Finally, utterly frustrated, I leave my piled high cart smack dab in the aisle and inspect the shelves closely. Behind me a gentleman sighs and heaves his own cart over to the side. He's speed shopping and narrowly misses the obstacle of my cart.
Oh, I'm being rude. The thought dawns on me. In my frustration, I selfishly dismissed all the other shoppers. And, this, realizing that other people are here in the store also is what strikes me. Instead of hating the task and the store, perhaps I should see it from a different perspective. Maybe, just maybe, I shouldn't be gritting my teeth through the aisles. Maybe I should be smiling at the other shoppers and speaking to a few of them. It is something I do everywhere else. I talk to others at the library and post office. I smile and make polite conversations. Never at the grocery store though.
Entering the check out, I ponder the thought. Has my hate for grocery shopping really skewed my perspective that much?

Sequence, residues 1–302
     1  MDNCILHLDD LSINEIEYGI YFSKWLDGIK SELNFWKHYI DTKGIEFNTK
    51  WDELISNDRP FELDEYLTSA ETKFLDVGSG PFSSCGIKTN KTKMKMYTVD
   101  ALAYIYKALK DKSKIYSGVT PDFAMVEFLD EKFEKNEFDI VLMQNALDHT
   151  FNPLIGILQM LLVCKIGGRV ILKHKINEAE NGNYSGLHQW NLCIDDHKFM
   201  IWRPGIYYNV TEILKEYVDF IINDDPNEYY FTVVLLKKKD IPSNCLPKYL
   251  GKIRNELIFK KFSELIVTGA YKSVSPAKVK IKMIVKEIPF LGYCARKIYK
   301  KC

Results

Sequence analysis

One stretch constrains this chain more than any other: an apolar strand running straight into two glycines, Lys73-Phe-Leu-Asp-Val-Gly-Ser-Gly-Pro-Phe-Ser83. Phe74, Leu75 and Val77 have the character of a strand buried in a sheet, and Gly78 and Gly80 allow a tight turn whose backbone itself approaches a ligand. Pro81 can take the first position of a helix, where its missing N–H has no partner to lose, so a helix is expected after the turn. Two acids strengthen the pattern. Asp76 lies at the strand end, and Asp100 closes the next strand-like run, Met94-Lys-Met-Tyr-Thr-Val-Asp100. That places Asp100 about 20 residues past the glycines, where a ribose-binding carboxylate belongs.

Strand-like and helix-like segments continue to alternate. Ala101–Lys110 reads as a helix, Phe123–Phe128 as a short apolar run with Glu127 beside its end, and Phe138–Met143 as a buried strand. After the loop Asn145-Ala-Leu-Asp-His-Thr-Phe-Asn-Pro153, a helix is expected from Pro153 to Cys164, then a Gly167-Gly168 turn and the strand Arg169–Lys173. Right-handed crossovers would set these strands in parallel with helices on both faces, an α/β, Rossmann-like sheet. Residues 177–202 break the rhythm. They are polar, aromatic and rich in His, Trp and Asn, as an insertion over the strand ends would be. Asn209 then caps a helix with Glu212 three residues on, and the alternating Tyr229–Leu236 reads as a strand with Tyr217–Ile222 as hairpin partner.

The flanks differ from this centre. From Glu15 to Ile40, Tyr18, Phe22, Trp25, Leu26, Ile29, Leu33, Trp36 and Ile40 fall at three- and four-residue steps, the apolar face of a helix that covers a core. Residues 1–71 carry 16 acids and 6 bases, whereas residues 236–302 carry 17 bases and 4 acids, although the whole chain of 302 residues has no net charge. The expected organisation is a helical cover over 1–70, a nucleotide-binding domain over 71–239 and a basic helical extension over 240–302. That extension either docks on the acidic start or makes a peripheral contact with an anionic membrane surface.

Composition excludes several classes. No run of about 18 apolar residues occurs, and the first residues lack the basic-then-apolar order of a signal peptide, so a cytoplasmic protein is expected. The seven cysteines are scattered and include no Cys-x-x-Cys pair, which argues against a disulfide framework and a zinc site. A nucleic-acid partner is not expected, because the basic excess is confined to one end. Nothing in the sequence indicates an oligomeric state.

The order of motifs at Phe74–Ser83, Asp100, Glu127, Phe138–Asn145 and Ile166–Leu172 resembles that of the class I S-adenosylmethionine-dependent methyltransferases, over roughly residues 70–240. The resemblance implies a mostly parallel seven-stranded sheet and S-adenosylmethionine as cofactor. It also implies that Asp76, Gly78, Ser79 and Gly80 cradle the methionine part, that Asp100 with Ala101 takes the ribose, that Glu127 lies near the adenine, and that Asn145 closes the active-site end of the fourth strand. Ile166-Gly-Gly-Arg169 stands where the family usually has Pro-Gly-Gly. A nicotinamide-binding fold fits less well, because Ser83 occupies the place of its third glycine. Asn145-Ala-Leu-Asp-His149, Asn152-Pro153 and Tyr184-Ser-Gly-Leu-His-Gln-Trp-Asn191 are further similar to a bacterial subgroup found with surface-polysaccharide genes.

My groceries rest on the belt awaiting the scanner. The cashier is now ready to wait on me. She comments on my box of hair color. I'm not sure it is really a compliment and my bad attitude wants to rise to the occasion. However, I remember my diary aisle rudeness and my perspective ponderings. It helps that the speed shopper has whisked his items through the self check out next to me. I swallow hard and smile, forcing myself to forget about my grocery shopping dislike and concentrate on the person before me.
We end up having a lengthy conversation about hair color, divorce, computer dating, and children. I did have a lot of groceries. So, we had time.
Leaving the store, I realize how much hating grocery shopping has affected my perspective and experience while in the grocery store. Not just my experience...all those who came in contact with my grumpy, bad attitude grocery shopping self. Was I a shining light of His love and grace? Certainly not.